Marcus Kagler: “Had you graduated from Hampshire College?”

Elliott Smith: “Yeah. We both graduated from there. Went straight through in four years. I guess I proved to myself I could do something I really didn’t want to for four years. Except I did like what I was studying. At the time it seemed like, ‘This is your one and only chance to go to college and you had just better do it because some day you might wish that you did.’ Plus the whole reason I had applied in the first place was because of my girlfriend and I had gotten accepted already even though we had broken up before the first day.”

Mark Redfern: “When you look back on it now are glad you went to college?”

Elliott Smith: “Yeah, I’m glad because there wasn’t a lot of stuff I was interested in, but I was interested in what I was studying even though it had no practical application in the world. I guess people like to talk about there lives like computer programs and they should have an application for there lives. Maybe that’s where that computer term came from. No, I got out of college and worked in a bakery with a bachelors degree in philosophy and legal theory.”

Mark Redfern: “This is back in Portland?”

Elliott Smith: “Yeah.”

Mark Redfern: “Did Neil go back with you there?”

Elliott Smith: “We were going to go to Chicago but Tony Lash said he’d play drums and at this point Neil had to convince me to be in a band because I had almost completely talked myself out of playing music. The last thing I wanted to do was be the straight white guy on the stage going on and on about my feelings. I just couldn’t handle that idea and when I started trying to figure out what would be a useful thing to do with myself the only thing that came up was: fireman. That was the only thing I could think of that was actually necessary for someone to do and it wasn’t a job to be coveted by someone else. But that was the last thing I wanted to do. At the time I just took everything to heart in just a big way. Like post-structural radical feminist legal theory. In a way almost kind of right wing....or some people think they’re kind of right wing. I was reading about procedural changes in the way that rape cases are tried and things like that. It got to a point where I couldn’t look at a girl objectively without thinking of all these questions. I took it very seriously and got myself sort of....Neil called it: bunched up. Neil was like, ‘You’re just talking yourself out of everything you want to do.’ He just kept insisting that we were going to start a band and I kept being like, ‘No.’ Finally college was over and I hadn’t gotten any closer to being a fireman so I went with him to Portland and hooked up with Tony and met the very confrontational guy who was older than the rest of us and was probably more punk whatever that means....and we started that band.”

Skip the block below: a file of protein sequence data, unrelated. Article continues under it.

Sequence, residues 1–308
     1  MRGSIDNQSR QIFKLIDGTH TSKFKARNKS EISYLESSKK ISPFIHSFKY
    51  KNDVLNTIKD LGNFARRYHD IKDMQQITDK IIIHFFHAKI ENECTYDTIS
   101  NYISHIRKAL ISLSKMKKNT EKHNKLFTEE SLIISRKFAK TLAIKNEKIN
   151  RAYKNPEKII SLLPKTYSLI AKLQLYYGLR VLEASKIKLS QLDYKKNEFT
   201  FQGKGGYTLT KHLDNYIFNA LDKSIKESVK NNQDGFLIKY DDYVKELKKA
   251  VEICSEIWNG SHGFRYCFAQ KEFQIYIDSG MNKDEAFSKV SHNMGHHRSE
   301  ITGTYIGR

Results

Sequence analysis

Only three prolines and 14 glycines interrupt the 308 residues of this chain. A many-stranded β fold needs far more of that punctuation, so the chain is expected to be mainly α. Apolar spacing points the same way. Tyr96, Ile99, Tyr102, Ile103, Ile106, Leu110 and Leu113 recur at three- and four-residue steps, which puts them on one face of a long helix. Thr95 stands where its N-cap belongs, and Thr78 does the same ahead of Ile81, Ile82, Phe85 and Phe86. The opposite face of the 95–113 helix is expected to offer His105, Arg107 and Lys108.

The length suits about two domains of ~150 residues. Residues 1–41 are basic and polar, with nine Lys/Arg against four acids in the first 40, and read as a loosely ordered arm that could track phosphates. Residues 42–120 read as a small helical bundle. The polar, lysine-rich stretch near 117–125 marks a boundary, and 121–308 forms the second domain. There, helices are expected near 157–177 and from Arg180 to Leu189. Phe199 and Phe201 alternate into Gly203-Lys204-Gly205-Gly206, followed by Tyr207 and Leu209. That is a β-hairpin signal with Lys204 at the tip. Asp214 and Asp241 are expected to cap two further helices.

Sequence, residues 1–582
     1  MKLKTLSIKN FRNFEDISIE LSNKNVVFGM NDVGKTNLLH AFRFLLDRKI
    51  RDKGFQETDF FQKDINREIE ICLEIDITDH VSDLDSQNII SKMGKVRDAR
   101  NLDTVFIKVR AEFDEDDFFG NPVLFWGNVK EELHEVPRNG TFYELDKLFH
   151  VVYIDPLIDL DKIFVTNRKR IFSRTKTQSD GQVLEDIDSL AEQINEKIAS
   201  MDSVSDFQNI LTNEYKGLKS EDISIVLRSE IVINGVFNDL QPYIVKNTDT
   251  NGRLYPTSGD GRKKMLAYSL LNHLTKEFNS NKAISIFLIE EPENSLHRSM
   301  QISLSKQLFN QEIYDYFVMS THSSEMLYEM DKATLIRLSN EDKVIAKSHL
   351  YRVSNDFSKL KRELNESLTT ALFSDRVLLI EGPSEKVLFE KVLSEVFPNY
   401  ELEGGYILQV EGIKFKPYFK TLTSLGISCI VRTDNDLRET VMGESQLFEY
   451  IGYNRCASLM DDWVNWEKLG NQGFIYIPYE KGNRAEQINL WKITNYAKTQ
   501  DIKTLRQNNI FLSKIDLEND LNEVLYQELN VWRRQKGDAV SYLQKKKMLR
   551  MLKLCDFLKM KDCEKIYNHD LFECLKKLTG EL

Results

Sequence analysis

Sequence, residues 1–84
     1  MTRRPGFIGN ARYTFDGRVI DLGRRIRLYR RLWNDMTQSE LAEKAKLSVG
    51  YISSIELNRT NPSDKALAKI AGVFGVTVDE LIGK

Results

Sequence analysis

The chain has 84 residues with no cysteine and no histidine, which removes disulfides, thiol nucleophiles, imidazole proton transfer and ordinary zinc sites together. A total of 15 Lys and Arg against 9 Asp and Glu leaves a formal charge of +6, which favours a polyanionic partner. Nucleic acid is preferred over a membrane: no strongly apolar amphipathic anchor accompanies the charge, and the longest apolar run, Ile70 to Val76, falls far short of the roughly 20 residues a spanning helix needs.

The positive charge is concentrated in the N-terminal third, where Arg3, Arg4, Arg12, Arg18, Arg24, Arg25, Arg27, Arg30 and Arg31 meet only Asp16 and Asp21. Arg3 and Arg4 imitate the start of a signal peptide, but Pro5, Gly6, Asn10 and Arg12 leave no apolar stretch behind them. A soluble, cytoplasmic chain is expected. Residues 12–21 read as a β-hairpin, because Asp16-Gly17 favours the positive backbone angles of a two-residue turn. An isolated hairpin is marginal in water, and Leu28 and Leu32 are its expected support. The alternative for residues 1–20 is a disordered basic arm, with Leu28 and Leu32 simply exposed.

Marcus Kagler: “How old were you?”

Elliott Smith: “I was 21.”

Mark Redfern: “Did you actually take steps to become a fireman?”

Elliott Smith: “I checked the requirements and I don’t think I passed the height or the weight or something. There was some sort of physical impediment. No, I didn’t get to [be a fireman] because I had gotten totally demoralized by what I was reading which was half horrible stuff to read about yourself especially if you describe yourself as a straight white man. The other half was reading everything from Kampf on forward. I really liked philosophy and I wish more people would take an interest in it because it’s interesting to know how people think.” Heatmiser